• Luca Coscioni (1967) – Italian politician and professor.

Movies filmed in Orvieto

Orvieto has always been a special city, with a striking look and beautiful monuments. It has been the backdrop for several important and popular Italian films and TV series:

  • 1918 – Frate Sole
  • 1920 – Giuliano l’Apostata
  • 1933 – Treno Popolaredi Raffaello Matarazzo
  • 1947 – Vivere in Pace – di Luigi Zampa. Aldo Fabrizi e Ave Ninchi.
  • 1959 – Ciao Ciao Bambina – di Sergio Grieco
  • 1965 – Io la conoscevo bene – di P.Pietrangeli
  • 1970 – Contestazione Generale – di Luigi Zampa. Vittorio Gassman, Nino Manfredi e Alberto Sordi.
  • 1972 – San Michele Aveva un Gallo – di Paolo e Vittorio Taviani.
  • 1973 – La Città del Sole – di Gianni Amelio. Giulio Brogi, Umberto Spadaro e Bedi Moratti.
  • 1973 – Il sergente Rompiglioni – di Piergiorgio Ferretti. Franco e Ciccio
  • 1977 – Una giornata particolare – di Ettore Scola. Sophia Loren, Marcello Mastroianni.
  • 1982 – Delitto sull’ Autostrada – di Bruno Corbucci. Thomas Milian
  • 1998 – Tu Ridi – dei Fratelli Taviani. Antonio Albanese, Sabrina Ferilli, Luca Zingaretti.
  • 1997 – La casa Bruciata (serie TV) – di Massimo Spano. Giulio Scarpati, Renato Carpentieri, Chiara Muti.
  • 2000 – Il Bello delle Donne (serie TV). Nancy Brilli, Virna Lisi, Eva Grimaldi, Stefania Sandrelli, Giuliana De Sio.
  • 2006 – La Provinciale (Fiction) – di Pasquale Pozzessere. Sabrina Ferilli, Enzo Decaro, Barbara Bouchet.
  • 2011 – La Vita che Corre (Fiction) – regia Fabrizio Costa. Barbara de Rossi, Franco Castellano, Enzo Decaro.

Traditional Cuisine of Orvieto

The Italian tradition of enjoying food and wine is significant to natives and thrives in Orvieto. Old traditions are still prevalent in modern Orvietan recipes (which are always enhanced popular local wines).
The meat has always been of considerable importance in the Orvieto kitchen. Pork is one of the most popular meats, and used it many recipes: prosciutto, sausages, mazzafegati for example.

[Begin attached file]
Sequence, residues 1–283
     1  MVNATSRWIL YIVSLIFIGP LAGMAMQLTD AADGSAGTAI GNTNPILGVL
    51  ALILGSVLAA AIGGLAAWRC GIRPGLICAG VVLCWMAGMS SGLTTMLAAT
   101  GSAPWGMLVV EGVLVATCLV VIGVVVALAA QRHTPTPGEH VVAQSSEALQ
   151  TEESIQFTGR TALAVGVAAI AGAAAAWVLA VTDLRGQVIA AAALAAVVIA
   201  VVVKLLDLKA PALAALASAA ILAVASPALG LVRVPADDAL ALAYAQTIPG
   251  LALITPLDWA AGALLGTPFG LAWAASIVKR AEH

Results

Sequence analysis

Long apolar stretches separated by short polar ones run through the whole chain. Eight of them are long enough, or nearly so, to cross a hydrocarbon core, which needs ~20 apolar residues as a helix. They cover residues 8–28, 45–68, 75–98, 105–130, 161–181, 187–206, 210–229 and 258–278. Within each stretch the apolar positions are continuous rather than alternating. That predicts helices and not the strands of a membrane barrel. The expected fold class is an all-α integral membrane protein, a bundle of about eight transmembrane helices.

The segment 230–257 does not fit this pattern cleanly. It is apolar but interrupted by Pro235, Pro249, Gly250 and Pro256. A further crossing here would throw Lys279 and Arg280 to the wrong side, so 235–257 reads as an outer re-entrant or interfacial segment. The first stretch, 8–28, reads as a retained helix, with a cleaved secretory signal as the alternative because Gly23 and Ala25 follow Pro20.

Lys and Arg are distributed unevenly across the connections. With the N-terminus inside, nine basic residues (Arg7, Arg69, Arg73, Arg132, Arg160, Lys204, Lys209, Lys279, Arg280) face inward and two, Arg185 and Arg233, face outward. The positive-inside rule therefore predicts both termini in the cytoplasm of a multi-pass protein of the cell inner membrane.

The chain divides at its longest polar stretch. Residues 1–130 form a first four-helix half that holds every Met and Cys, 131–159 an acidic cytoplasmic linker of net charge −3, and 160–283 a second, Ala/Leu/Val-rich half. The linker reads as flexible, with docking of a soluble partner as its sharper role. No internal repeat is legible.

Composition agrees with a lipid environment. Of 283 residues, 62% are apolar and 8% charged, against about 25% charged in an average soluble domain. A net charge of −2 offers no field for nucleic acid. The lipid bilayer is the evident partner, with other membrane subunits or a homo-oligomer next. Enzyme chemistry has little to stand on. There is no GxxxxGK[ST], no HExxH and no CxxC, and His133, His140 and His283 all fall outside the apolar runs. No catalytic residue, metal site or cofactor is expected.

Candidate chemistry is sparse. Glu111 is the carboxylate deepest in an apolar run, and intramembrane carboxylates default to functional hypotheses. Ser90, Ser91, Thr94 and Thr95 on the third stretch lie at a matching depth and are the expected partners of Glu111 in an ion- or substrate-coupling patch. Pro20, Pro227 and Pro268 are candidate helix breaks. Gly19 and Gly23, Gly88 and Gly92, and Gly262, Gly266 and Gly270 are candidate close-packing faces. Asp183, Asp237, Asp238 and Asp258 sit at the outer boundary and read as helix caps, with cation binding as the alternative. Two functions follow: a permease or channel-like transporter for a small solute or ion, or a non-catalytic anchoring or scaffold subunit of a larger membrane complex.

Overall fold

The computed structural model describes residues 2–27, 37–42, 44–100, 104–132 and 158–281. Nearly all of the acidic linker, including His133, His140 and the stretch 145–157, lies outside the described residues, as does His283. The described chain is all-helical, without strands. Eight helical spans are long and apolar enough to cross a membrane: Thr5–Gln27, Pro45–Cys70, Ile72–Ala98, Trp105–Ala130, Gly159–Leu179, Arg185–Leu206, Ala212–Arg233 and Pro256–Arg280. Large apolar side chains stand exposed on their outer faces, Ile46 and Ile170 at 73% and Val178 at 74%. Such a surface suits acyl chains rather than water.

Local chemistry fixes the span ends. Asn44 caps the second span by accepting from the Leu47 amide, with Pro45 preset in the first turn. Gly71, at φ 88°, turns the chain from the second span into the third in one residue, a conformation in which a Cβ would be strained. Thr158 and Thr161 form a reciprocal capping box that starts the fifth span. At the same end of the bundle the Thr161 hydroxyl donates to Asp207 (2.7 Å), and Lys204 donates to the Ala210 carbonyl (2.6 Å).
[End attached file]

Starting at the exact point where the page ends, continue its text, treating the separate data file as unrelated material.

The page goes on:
Poultry, rabbit and game animals are also widely used. Pigeon and dove are among the most classic dishes that can be tasted in Orvieto. The “palomba alla leccarda” and the “pollo alla cacciatore” are two of the oldest and most typical dishes of the city. Wild boar is a unique game animal that is very popular in Orvieto. It is prepared in a variety of ways from sausages, stews and sauces to simply being grilled.
Pasta is, of course, a staple in the Orvieto diet (umbrichelli in particular). Umbrichelli is a typical pasta made solely from water and flour that was invented in the Orvieto area. Umbrichelli, like many other dishes, were invented in difficult times of war when there was a shortage of food and money. A few of the most typical pasta dishes of Orvieto are: “umbrichelli all’arrabbiata” or “umbricelli al tartufo” and “tagliatelle al ragù.” Some other traditional dishes of Orvieto are “spaghetti con il tonno” (tuna), “tagliolini con brodo di tinca” (tench fish), and “zuppe di ceci e castagne” (chickpea and chestnut soup).
If you are in the mood for a snack, try “Tortucce”, “Lumachella” or biscotti salati all’anice (anise cookies). You also can’t go wrong with any of the confectionery traditions common in Orvieto e.g. “tozzetti alle mandorle”, “ciambelle al vino” and “pizze di Pasqua” (a bread which can come sweet or salty).